Peter Tolan
Peter James Tolan III

(1958-07-05) July 5, 1958 (age 65)
Occupation(s)Screenwriter, director, producer
Years active1989–present
SpouseLeslie Tolan

Peter James Tolan III (born July 5, 1958) is an American television producer, director, and screenwriter.

Early life and career

Tolan was born in Scituate, Massachusetts, where he was a perennial favorite in the high school's dramatic productions. Before leaving to pursue a career in Hollywood, Tolan founded a theater group called YPST (Young People's Summer Theatre). The group performed Broadway musicals and rehearsed at a local church. Within three years, the group became so popular that a second production had to be added to accommodate the ever-increasing enrollment.

Tolan attended the University of Massachusetts Amherst for four years before dropping out to directly pursue theater. From college Tolan went to Minneapolis' Brave New Workshop (founded by improv great Dudley Riggs) at the suggestion of UMass employee Jim MacRostie, who had appeared at the Twin Cities institution during its early years. Riggs offered Tolan a job over the phone, but when Tolan arrived in Minneapolis several months later, he discovered that the job was that of janitor at the theater.

Within a year, Tolan became the musical director for the theater's touring company, and after that graduated to appearing as a member of the main stage cast. In the mid 80's, Tolan moved to New York City, where he and fellow writer-performer Linda Wallem formed a double act called Wallem & Tolan and began performing on the cabaret circuit in New York City at such venues as Don't Tell Mama, Eighty-Eights and Broadway Baby. Wallem and Tolan were known for their sketch work and for musical material (written by Tolan) that became the cornerstone of their act. After an extended run at the Manhattan Punch Line Theater, the act was mounted Off-Broadway at the Theater at St. Peter's Church in 1989. Titled Laughing Matters, the show was produced by Sanford Fisher and Zev Guber and directed by Broadway veteran Martin Charnin. For his work in the show, Tolan was named Outstanding Lyricist of a Broadway or Off-Broadway Show by the Burns Mantle Theater Yearbook 1988-1989 Best Plays.


Tolan began his career writing for short-lived sitcoms Carol & Company and Wish You Were Here. After writing for and co-producing the first six episodes of Home Improvement he began writing for the hit series Murphy Brown, a three-season tenure for which he would share an Emmy Award for Outstanding Comedy Series (1992, as co-producer).[1] In 1992 Tolan began writing for the HBO program The Larry Sanders Show, for which he received, in his capacity as co-/executive producer, three CableACE Awards for Comedy Series and an Emmy for co-writing (with series lead Garry Shandling) the series finale "Flip".[1]

After writing for several more programs (Ellen, Buddies, Good Advice), and creating the short-lived sitcoms Style & Substance and The George Wendt Show, Tolan co-created the ABC satiric comedy The Job with comedian Denis Leary, who would also star as an amoral and hedonistic NYPD detective. Though critically lauded,[2] the series languished in the ratings and was canceled after two short seasons. Tolan went on to create the similarly short-lived sitcom Wednesday 9:30 (8:30 Central), a mid-season replacement about an idealistic television executive who joins a struggling network, that was canceled by ABC after only five episodes aired. In 2004, however, Tolan found success with the FX drama Rescue Me which he produced under his The Cloudland Company banner.[3] Again, he worked with co-creator Denis Leary as New York City firefighter Tommy Gavin, who bears many similarities to Leary's character from The Job. The series has been well received by both critics and audiences, garnering Emmy nominations for Tolan and Leary and averaging 2.7 and 2.8 million viewers for its first and second seasons, respectively.[4] It ended in 2011 after seven seasons.[5]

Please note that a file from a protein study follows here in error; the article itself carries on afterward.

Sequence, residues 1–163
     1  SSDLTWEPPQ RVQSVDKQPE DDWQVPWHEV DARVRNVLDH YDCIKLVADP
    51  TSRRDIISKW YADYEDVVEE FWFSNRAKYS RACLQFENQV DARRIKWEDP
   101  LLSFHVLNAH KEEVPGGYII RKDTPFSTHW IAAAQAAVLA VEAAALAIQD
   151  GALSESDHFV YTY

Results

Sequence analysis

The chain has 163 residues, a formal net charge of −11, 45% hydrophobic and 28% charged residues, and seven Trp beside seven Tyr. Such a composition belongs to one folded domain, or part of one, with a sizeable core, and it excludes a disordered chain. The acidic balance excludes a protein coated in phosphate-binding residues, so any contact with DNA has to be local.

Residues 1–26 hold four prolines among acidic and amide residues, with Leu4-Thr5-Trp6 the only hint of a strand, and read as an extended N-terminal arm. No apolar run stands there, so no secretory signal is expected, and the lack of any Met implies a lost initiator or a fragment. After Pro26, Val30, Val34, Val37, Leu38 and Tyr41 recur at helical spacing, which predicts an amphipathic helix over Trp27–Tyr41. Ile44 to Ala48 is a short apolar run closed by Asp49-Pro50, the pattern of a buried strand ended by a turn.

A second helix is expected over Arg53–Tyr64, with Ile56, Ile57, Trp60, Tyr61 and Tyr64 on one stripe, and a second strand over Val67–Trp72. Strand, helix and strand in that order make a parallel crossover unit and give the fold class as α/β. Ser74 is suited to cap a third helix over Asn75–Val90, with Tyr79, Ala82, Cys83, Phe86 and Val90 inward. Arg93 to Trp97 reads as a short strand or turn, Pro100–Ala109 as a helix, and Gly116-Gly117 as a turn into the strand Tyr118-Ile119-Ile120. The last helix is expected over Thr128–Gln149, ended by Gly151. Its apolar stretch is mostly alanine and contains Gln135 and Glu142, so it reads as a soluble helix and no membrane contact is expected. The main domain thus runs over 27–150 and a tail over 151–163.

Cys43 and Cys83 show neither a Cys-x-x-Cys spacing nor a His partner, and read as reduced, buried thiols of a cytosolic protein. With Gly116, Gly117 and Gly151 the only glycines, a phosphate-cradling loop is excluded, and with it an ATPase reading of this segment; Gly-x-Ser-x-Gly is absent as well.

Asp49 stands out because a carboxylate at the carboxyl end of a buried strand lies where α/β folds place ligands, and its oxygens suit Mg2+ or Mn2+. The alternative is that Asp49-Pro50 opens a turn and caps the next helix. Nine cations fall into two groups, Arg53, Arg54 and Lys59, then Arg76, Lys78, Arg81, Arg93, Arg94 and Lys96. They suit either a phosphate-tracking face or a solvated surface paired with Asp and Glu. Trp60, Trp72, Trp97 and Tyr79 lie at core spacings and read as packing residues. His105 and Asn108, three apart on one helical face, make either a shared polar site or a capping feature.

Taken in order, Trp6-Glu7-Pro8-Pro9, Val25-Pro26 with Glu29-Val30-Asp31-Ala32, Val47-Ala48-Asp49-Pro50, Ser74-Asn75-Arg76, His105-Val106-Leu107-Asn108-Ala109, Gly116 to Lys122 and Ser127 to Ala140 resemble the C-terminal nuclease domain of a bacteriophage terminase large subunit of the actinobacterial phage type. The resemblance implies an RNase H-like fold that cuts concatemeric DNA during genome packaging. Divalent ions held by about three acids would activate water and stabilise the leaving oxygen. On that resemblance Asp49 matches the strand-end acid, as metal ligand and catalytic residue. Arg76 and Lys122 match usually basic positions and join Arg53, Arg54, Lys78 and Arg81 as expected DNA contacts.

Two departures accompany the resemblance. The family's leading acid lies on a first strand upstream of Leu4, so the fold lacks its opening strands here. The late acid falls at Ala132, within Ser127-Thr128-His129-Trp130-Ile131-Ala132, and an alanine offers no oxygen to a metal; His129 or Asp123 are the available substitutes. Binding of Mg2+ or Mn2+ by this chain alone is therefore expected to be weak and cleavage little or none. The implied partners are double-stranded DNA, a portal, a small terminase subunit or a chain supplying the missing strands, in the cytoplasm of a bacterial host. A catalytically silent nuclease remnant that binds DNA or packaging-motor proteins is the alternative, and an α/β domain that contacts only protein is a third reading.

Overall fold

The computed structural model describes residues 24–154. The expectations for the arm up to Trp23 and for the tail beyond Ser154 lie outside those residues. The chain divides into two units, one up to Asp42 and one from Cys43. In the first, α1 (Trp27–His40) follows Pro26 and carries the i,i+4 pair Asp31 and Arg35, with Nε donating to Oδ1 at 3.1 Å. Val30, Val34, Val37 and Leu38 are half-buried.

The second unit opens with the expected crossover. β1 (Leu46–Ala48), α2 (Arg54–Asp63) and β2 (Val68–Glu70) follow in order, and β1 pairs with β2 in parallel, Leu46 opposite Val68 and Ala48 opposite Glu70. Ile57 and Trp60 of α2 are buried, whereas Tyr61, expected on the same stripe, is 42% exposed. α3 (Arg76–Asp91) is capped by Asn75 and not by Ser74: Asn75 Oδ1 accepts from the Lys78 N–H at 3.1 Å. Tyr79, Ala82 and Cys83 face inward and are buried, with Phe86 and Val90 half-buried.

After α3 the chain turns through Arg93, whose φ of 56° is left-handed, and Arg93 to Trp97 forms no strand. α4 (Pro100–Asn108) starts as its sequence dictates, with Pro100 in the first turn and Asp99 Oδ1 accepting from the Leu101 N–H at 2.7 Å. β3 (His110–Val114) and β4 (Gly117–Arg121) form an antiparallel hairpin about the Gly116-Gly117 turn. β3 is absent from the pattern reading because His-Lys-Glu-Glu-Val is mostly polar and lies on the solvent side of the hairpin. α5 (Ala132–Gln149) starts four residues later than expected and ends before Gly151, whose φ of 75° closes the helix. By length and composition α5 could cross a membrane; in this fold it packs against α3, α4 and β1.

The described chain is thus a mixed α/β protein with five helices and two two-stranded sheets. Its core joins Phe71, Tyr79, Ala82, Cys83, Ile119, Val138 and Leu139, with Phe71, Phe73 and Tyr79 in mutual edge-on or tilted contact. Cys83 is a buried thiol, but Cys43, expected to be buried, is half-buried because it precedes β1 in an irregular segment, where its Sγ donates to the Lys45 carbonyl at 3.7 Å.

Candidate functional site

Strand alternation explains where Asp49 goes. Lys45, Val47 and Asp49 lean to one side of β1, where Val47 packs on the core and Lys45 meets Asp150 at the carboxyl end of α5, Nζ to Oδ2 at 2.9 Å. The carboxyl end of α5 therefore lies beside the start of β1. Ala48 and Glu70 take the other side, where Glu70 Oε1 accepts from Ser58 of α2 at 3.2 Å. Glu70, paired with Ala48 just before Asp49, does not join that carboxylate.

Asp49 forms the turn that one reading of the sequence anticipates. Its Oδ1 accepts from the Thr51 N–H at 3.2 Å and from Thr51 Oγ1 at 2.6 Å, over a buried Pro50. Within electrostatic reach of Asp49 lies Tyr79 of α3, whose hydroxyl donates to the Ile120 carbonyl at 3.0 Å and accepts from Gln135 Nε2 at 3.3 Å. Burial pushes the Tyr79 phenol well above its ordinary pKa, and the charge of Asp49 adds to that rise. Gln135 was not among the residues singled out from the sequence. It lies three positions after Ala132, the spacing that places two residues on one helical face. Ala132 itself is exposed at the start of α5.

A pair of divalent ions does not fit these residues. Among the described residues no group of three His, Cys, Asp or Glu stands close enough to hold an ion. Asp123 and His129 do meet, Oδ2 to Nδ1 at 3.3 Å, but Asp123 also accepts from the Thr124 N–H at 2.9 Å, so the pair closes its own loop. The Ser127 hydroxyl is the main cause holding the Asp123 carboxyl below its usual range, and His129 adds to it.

In February, 2013, Entertainment Weekly reported that "Tolan landed Greg Kinnear to play a defense lawyer with 'zero filter'" on a Fox Broadcasting Company television program entitled Rake.[6] Tolan has also produced pilots with comedian Jim Gaffigan and another based on the Israeli series Bilti Hafich through Fedora Entertainment, the production company he started with partners Michael Wimer and Leslie Tolan.


Tolan has also found success in film, having written the hit comedy Analyze This and its sequel Analyze That as well as the films My Fellow Americans, Bedazzled, America's Sweethearts, Guess Who and Just Like Heaven. In 2008 Tolan made his directorial debut with Finding Amanda, a semi-autobiographical[7] film starring Matthew Broderick and Brittany Snow.

Personal life

Tolan is married to editor Leslie Tolan. They have three children; sons Peter John and Benjamin Mark, and daughter Beatrice Grace. He later came out as gay, but it is unclear if he remains married to Leslie.[8]



  1. ^ a b "Awards for Peter Tolan". IMDb. Retrieved 2009-04-13.
  2. ^ "TV Review: "The Job"". Entertainment Weekly. 2001-03-08. Retrieved 2009-04-13.
  3. ^ "Peter Tolan". Variety. 17 December 2013.
  4. ^ "'Rescue Me Renewed'". 22 August 2005. Retrieved 2019-01-09.
  5. ^ "'Rescue Me' Finale Draws Solid Ratings". 8 September 2011. Retrieved 2019-01-09.
  6. ^ Hibberd, James (February 22, 2013). "Hollywood Insider: What's Going on Behind the Scenes: TV's Pilot Season Goes (Very) High-Concept". Entertainment Weekly. New York: Time Inc. p. 26.
  7. ^ "Exclusive: Peter Tolan is Finding Amanda". 23 June 2008. Retrieved 2009-04-13. ((cite web)): External link in |publisher= (help)
  8. ^ "Denis Leary Calls 'Rescue Me' Co-Creator Peter Tolan 'Gay' -- And He Is". The Hollywood Reporter. 13 May 2014. Retrieved 2020-07-28.